Anger

Depression

Fear

Feelings of worthlessness

Self-doubt

To offset these things, I planned. Extensively. But when things didn’t go according to plan–when someone “bumped into me”–what spilled out was that negative mentality. It spilled out in a variety of ways. From yelling to tears to even making the other person feel like it was their fault. All because I had a full cup of things I hadn’t dealt with–things that, quite frankly, I didn’t have words to describe or knowledge of how to deal with.

This season has taught me to recognize my symptoms and that it’s okay to not have the words to describe what I feel, but that recognizing what I feel is an important step. It has taught me that seeking help to empty the cup of the “burnt coffee” (i.e. the negative) and fill it with hot, fresh, delicious coffee (i.e. the positive) doesn’t make me weak. It has taught me better ways to cope. In this season, I have had the chance to take a look at how I want to respond in those circumstances, and God has begun equipping me with the means to be able to. Because I finally allowed Him that space.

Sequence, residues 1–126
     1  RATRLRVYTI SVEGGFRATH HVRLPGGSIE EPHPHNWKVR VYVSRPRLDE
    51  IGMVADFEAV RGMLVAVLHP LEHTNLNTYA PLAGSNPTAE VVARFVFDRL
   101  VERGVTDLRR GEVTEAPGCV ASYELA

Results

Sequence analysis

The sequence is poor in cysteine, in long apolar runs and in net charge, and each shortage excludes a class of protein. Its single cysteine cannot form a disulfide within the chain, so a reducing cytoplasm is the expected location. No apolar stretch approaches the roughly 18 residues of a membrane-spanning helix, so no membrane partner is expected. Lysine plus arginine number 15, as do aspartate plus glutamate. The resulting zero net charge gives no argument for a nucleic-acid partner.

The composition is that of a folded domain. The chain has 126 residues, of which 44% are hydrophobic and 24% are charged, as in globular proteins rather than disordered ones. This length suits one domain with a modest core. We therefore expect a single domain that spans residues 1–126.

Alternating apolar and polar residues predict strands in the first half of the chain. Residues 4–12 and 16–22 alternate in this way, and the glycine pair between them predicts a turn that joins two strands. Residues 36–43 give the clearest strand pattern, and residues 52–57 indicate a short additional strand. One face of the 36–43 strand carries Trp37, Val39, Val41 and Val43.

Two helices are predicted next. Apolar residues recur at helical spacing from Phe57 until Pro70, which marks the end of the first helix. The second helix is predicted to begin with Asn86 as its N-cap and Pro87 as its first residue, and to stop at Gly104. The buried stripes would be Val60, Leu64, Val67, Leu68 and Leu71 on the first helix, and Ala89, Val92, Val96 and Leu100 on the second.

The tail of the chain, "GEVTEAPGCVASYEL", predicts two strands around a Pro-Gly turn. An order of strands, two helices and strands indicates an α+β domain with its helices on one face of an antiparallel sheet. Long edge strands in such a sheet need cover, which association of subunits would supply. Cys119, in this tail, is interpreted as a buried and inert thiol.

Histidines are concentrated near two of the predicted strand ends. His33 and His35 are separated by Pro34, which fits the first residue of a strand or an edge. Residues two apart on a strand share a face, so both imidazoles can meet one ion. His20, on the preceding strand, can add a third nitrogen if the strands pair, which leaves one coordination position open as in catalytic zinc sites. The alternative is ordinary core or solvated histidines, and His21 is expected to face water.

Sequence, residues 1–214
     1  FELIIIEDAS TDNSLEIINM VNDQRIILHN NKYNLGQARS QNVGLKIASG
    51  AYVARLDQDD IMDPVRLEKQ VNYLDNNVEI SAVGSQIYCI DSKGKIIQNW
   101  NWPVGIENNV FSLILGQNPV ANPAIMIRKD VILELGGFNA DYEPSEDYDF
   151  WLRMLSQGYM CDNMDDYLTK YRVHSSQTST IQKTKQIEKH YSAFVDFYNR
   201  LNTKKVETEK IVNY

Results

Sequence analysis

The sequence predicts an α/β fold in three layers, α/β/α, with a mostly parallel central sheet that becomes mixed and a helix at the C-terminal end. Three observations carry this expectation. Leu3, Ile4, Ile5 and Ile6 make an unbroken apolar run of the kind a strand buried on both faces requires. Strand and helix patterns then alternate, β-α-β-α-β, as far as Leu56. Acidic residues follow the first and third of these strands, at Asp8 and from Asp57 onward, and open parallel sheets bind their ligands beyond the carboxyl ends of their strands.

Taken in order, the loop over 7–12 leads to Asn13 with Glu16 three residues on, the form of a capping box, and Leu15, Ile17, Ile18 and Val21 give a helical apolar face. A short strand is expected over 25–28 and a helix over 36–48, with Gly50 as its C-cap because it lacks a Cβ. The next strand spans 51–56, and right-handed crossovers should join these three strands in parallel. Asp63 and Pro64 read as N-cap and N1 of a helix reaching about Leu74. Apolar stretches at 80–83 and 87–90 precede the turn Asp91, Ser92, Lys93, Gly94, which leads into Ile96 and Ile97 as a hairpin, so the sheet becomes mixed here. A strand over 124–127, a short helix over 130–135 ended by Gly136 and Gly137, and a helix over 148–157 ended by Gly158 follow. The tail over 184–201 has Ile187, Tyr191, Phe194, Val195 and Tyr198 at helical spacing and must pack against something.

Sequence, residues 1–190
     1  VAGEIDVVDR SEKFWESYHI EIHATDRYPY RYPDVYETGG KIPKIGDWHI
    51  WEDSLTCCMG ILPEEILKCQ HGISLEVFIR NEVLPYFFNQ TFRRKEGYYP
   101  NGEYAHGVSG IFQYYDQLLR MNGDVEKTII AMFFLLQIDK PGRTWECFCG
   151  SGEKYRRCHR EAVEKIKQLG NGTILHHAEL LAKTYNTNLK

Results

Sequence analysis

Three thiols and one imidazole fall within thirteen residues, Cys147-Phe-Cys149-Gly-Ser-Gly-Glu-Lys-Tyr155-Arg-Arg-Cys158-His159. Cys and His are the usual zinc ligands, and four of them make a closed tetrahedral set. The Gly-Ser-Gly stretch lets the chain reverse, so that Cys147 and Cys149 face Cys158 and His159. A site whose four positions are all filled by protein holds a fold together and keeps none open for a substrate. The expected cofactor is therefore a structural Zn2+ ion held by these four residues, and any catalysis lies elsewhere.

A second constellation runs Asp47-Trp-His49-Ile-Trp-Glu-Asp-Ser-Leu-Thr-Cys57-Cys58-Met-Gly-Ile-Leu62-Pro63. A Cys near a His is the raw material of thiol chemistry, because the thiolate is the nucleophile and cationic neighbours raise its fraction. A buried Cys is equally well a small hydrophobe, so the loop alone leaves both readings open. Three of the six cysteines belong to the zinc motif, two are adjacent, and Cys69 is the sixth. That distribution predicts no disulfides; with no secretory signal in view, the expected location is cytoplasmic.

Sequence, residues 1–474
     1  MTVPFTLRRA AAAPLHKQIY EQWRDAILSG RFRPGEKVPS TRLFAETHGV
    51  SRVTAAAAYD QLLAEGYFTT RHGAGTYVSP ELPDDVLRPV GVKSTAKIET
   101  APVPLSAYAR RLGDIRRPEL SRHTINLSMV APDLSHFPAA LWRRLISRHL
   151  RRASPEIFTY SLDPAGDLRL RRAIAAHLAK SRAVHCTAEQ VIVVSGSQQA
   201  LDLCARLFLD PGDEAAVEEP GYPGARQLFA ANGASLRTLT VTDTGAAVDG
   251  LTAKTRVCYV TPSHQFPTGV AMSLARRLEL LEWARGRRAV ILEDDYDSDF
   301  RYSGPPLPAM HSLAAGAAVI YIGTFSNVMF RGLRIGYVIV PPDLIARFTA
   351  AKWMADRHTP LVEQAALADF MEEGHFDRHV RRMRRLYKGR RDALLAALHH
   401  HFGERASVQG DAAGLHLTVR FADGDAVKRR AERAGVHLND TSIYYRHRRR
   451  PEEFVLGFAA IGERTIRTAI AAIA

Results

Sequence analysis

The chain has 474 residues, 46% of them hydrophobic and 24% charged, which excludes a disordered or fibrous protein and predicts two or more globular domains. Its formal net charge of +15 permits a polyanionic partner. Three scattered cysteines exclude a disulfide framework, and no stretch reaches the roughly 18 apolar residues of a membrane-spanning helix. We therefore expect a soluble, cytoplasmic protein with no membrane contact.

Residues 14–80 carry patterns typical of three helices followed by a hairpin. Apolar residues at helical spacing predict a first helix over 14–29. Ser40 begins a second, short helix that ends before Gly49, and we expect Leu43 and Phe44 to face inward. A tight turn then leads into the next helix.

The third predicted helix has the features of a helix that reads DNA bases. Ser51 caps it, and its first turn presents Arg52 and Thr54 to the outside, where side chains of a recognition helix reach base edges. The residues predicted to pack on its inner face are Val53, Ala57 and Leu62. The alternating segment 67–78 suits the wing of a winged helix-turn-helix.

When we allow God to fill us, our perspective and responses change. There’s no denying we’re going to be upset when someone bumps into us and we spill that drink–and that will happen because life happens–but we can take a deep breath and get a new one. Because God is always right there, hand out to us for a fresh start. And the really cool thing is we have a new opportunity every day.

So, what’s in your cup today?

Math Lessons

My dad is really good at math. Like can-do-it-in-his-head good. And of course he is–he’s an engineer. I, on the other hand, am not cut out for the subject. And it shows when I have to calculate grades.

When I was little, daddy would try to help me with my math homework. It usually didn’t turn out too well. I didn’t understand the material so I would get really frustrated, and then he would get frustrated with me because he didn’t understand why didn’t understand. But there’s one particular homework that I still remember.

In elementary school, every class would learn to count to 100 and then we would throw a big party. Well, of course, after we learn to count to 100 we continue on. I had brought home this homework, moving on from just 100, but little me couldn’t wrap my head around what came after 100. To me, it was 200. My logic was simple for a child: 2 is after 1, so 200 must come after 100.